The rise of technology and the Internet have created a different type of money laundering. Money can change hands instantly through peer-to-peer (P2P) transfers on mobile phones and online payment services. The rise of virtual private networks (VPNs) can also hide your IP address or even make it seem like you are in a different country. These tools can make your transactions appear anonymous.
Technology has made it much more challenging to follow a money trail. Newer money laundering techniques involve cryptocurrencies (digital currencies that operate outside a central bank). Virtual currencies, such as Bitcoin, have greater anonymity than traditional currency, which makes illegal transactions harder to track.
Since cryptocurrencies are digital, it’s easier to take funds from multiple people, mix them up, and then redistribute the cryptocurrency to each person. The purpose is to mix potentially identifiable funds — like dirty money — with others to obscure the money’s original source. These services are known as cryptocurrency mixers.
Both the proceeds of a crime and the act of laundering money are illegal. Money laundering is a white-collar crime. Generally, the maximum sentence for money laundering is 20 years in prison and a fine.
Money laundering is against the law because it allows criminals to profit from illegal activities. The cash that is laundered came from a crime. So, the money was illegally obtained.
Another concern is that the money that has been laundered may also be used to fund additional criminal activity. Prosecuting money laundering can cut off the funding and resources used to perpetrate more crimes. Terrorist groups often are funded through money laundering.
Overall, by making money laundering illegal, the government can help take the profit out of crime and potentially catch more criminals by following the dirty money.
Federal laws, anti-money laundering organizations, and anti-money laundering software are a few ways that money laundering can be detected and prevented.
The first money laundering law was the Bank Secrecy Act of 1970. This established record keeping and reporting requirements to help identify a paper trail for all illicit funds. This act also required banks to report cash transactions over $10,000 to prevent large deposits from questionable sources.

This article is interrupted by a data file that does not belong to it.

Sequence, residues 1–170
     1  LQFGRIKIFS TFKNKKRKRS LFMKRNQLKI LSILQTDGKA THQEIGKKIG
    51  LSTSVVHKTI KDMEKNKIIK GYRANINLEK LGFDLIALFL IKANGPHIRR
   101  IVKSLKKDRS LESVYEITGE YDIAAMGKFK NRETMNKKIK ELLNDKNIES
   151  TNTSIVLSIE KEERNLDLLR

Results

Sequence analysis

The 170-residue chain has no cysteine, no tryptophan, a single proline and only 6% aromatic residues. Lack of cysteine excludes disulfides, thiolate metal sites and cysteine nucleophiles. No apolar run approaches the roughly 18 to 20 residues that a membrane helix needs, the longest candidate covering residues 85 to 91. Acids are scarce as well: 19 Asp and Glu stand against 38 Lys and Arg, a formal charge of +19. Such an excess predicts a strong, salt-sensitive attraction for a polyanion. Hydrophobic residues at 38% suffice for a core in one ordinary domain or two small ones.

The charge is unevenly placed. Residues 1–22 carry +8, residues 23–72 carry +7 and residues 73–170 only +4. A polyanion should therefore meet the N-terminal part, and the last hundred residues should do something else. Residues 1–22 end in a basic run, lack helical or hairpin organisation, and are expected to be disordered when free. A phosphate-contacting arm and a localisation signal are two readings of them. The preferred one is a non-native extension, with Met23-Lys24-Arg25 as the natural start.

Money laundering didn’t become a federal crime until 1986. The Money Laundering Control Act of 1986 allowed the government to prosecute money laundering as a federal crime so long as it could prove that the offender tried to conceal the origin of the money.
Since the first stage of money laundering is to deposit cash into banks, banking agencies began implementing stricter anti-money laundering procedures. For example, the Annunzio-Wylie Anti-Money Laundering Act of 1992 required banks to verify and keep records for all wire transfers. Just two years later, the Money Laundering Suppression Act required all banking agencies to develop anti-money laundering examination procedures. These anti-laundering program requirements were later expanded to include more financial institutions, such as businesses.
Today, several law enforcement agencies help prevent money laundering. As of November 2019, the Financial Action Task Force (FATF) is an intergovernmental agency with 39 global members. Its mission is to combat money laundering and terrorist financing.
The Financial Crimes Enforcement Network (FinCEN) is a government bureau that prevents and prosecutes financial crimes, including money laundering. Under FinCEN, the Bank Secrecy Act Advisory Group (BSAAG) advises the Treasury on how to operate under the Bank Secrecy Act of 1970.
Finally, the High Intensity Money Laundering and Related Financial Crime Area (HIFCA) Task Forces concentrate law enforcement in local zones where money laundering is most common.
To help comply with the Financial Industry Regulatory Authority’s (FINRA) Anti-Money Laundering (AML) Compliance Program, many financial institutions have adopted AML software. This software platform generates vast amounts of data related to a firm’s customers and financial transactions.
AML software can analyze a firm’s data to help monitor and flag potential money laundering activities. If something is detected, the firm can then file a Suspicious Activity Report with the Financial Crimes Enforcement Network (FinCEN) on the AML software platform.